Kolkata (IANS): Facing annual losses of Rs.200 crore, the 132-year-old Calcutta Tramways Company, which runs the fleet of heritage vehicles long identified with the metropolis, is mulling a host of new proposals including leasing out its land and setting up banquet and cafeteria trams to revive its fortunes.
“While our revenue is just Rs.50 crore, our expenses exceed Rs.250 crore leaving us with an annual loss of Rs.200 crore each year. The only way to reduce this loss is to lease out the vast tract of idle land for public utilities like parking lots, hospitals, etc,” CTC chairman Shantilal Jain said Tuesday.
“The CTC has nearly 43 acres of land in eight of its depots spread across the city. We have sent the proposal for the lease to the (West Bengal) government and a decision is expected soon,” he said.
Participating in an interactive session organised by the Bengal Chamber of Commerce and Industries, Jain said the company is in process of introducing “banquet and cafeteria trams” as well as introducing tracks in satellite Salt Lake town.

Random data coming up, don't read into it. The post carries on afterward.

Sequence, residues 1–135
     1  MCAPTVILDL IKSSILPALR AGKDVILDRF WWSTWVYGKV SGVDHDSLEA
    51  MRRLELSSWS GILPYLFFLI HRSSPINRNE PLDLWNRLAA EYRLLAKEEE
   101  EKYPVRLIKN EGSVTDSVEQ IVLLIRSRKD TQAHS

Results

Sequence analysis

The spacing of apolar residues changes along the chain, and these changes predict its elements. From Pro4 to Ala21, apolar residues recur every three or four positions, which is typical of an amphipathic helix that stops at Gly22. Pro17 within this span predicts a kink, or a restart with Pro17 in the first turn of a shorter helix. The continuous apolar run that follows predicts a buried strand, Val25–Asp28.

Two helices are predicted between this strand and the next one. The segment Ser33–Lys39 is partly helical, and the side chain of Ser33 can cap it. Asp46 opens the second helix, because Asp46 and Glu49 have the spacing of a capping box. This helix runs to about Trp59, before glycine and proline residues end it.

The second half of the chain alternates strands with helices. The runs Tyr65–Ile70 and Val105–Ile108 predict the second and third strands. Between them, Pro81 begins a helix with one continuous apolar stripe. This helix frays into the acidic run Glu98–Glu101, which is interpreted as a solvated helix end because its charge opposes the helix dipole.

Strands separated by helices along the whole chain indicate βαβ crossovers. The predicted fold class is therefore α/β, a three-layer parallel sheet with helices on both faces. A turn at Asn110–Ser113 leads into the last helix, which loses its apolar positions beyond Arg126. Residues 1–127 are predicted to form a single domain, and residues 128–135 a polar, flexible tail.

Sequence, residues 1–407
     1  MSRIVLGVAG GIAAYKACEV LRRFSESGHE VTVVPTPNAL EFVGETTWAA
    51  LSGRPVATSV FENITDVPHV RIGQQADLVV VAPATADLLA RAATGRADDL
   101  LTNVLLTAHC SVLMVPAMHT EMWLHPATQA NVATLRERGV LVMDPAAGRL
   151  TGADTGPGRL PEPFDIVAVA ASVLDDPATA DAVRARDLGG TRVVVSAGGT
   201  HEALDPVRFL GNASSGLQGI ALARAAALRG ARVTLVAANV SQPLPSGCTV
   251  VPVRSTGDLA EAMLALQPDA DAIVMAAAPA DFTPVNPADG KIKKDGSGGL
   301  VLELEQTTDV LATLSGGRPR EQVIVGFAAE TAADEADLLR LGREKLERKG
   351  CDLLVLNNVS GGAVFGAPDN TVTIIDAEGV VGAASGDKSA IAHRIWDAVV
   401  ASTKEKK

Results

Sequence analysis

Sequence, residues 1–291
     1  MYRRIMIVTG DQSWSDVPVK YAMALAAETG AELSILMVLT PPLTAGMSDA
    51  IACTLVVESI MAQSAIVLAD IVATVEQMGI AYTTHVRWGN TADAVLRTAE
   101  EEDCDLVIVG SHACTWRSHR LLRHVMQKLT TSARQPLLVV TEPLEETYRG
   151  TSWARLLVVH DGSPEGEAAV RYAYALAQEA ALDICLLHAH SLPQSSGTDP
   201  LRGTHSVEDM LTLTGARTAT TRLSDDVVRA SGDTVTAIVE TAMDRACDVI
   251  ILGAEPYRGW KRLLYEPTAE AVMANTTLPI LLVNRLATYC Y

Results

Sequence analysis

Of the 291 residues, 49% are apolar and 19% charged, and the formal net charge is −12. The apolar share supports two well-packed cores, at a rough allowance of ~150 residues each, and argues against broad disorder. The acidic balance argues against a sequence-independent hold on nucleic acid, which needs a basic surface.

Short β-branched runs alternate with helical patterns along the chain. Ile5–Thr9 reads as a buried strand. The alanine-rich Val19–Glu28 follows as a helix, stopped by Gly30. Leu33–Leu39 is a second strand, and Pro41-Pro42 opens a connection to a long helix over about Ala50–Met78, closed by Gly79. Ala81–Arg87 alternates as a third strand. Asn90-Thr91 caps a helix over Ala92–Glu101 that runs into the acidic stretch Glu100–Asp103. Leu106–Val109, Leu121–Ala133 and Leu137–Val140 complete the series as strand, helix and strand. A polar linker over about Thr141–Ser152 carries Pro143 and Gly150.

“We currently operate around 32 km of track length and are in the process of introducing tram services in Rajarhat, Bantala and New Town,” said Jain adding that the banquet and cafeteria trams might involve private participation.
The other proposals made to rev up the services include introduction of single bogie and air-conditioned trams as well as special trams covering the heritage sites in the city. The AC trams are likely to be introduced by March this year.
The CTC which also runs buses, will be acquiring 100 more of the vehicles soon.
It is also in talks with foreign tram companies for organising an international convention to spread awareness about the heritage transport service.
Ever since the first horse-drawn tram of the city rolled out on metre gauge tracks on Feb 24, 1873, the ‘heritage wheels’ have virtually become a logo of Kolkata.
Formed in 1880 and registered in London on Dec 22 that year, the CTC was taken over by the West Bengal government in the 1970s.